The Church of England has voted to put a historic decision on introducing the first women bishops on hold amid continuing divisions over the issue.
Members of the General Synod backed delaying a final approval debate for legislation introducing women bishops to allow for further consideration of a controversial last-minute amendment made by the Church of England bishops.
The move comes after protests from senior female clergy who said the amendment would have enshrined discrimination against women in the law.
The Archbishop of Canterbury, Dr Rowan Williams, warned the meeting at York University that an adjournment would not be a "panacea" but would give a chance to "lower the temperature" within the Church of England over the dispute.
"It is quite clear that the reaction cannot be ignored," he said.
"When there is a reaction of real hurt and offence in the Church, Christians, and Christian pastors in particular, cannot afford to ignore it."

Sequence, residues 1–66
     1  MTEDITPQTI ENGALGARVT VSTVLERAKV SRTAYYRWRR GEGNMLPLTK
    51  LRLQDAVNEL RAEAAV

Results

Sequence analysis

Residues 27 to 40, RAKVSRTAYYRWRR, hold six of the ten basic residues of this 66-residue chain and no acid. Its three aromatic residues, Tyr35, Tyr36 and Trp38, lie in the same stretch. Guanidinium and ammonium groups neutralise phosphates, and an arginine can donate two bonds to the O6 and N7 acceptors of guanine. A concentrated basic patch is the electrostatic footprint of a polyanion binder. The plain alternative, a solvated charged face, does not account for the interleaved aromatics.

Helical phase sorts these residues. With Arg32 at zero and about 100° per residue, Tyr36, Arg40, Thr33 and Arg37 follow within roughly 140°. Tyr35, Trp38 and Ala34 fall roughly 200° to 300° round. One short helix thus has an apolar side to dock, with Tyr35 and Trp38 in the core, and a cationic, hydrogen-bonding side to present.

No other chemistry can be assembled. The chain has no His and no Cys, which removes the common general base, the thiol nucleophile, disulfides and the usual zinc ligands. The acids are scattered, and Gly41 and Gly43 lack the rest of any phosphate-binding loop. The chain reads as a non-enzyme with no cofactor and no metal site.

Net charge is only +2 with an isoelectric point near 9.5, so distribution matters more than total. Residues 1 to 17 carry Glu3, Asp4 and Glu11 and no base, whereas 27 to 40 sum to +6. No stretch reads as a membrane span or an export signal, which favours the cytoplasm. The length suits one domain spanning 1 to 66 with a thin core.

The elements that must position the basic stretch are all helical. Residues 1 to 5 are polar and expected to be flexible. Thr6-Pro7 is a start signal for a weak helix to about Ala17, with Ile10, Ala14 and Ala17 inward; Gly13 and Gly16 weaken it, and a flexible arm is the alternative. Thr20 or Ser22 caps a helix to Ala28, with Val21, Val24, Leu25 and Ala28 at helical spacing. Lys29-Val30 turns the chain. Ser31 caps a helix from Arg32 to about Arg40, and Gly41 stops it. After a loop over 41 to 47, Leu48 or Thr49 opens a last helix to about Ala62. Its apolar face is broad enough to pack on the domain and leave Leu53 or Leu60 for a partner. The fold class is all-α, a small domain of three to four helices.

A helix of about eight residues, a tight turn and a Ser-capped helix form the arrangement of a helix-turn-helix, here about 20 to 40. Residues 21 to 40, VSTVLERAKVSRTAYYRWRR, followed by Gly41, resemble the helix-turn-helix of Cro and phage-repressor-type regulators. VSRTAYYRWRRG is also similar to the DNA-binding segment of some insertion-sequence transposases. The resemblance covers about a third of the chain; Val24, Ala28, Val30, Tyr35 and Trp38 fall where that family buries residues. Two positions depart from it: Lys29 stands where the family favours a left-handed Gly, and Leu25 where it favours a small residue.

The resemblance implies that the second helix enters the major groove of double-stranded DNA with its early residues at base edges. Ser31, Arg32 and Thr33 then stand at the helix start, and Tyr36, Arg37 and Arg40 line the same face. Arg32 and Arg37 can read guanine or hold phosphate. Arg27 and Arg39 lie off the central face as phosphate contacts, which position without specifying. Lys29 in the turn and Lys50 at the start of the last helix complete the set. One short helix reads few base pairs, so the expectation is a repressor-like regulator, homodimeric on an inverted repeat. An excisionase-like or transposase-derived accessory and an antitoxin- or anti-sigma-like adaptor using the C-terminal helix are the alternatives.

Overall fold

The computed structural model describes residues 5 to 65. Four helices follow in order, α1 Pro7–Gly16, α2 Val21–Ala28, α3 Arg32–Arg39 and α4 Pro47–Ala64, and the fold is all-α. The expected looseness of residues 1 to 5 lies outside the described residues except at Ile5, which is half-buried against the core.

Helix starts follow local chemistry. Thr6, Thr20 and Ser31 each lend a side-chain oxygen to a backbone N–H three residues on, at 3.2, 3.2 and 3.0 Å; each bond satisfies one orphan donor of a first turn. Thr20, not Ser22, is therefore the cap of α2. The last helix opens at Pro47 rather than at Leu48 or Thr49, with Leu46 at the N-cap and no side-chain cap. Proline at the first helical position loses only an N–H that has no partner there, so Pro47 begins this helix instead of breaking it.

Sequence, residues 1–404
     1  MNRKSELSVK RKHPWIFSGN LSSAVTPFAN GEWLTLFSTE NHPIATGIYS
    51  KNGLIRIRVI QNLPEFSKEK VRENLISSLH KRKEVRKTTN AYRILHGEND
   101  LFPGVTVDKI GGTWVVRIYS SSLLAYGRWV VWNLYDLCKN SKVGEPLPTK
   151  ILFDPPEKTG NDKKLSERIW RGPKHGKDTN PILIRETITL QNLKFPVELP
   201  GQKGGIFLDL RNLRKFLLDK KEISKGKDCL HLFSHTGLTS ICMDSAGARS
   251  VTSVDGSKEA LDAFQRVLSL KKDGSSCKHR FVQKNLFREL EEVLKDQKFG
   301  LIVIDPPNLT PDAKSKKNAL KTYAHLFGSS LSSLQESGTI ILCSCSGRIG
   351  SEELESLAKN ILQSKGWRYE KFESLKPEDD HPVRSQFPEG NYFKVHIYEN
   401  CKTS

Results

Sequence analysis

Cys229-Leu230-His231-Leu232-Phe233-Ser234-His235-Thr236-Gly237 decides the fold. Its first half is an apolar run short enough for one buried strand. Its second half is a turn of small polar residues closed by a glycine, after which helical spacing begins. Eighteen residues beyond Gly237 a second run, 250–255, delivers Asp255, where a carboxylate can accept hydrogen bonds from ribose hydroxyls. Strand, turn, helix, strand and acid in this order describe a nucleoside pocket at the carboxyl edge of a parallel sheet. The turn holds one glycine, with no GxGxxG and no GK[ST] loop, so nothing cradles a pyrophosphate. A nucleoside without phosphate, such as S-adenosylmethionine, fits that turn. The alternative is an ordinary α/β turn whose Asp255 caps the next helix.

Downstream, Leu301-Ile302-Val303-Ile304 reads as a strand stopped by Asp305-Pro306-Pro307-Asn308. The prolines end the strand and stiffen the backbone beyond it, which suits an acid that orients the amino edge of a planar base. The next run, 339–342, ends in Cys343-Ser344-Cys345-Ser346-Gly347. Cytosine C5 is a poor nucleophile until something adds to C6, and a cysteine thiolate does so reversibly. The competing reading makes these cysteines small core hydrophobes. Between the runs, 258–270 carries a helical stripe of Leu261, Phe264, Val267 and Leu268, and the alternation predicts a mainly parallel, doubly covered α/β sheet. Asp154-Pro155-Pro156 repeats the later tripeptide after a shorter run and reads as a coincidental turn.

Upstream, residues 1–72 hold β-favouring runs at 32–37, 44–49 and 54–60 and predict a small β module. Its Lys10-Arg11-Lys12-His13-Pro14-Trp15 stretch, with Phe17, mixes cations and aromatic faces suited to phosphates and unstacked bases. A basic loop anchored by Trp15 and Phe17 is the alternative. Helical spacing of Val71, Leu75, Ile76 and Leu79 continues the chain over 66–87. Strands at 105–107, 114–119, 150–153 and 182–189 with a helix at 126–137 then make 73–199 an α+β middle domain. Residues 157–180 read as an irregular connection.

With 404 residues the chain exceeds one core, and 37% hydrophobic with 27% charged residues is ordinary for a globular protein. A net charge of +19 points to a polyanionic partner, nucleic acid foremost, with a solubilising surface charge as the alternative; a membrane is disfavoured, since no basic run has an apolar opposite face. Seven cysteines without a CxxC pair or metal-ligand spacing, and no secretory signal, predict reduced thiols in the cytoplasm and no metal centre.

He added: "An adjournment gives us at least the chance of lowering the temperature and explaining ourselves to each other."
The General Synod members voted 288 in favour of an adjournment, 144 against and 15 abstained.
The move means that the bishops of the Church of England will reconsider the amendment - known as clause 5 (1) (c) with the legislation set to return for final approval in November.
The vote comes after the Rt Rev Nigel McCulloch, Bishop of Manchester and chairman of the steering committee for the legislation, said it would be "nothing short of tragic and hugely damaging" to the Church's reputation if the legislation were to be voted down.
"We need to get this legislation right, we need to get it passed. If to achieve that a little more time and reflection is required, then so be it," he said.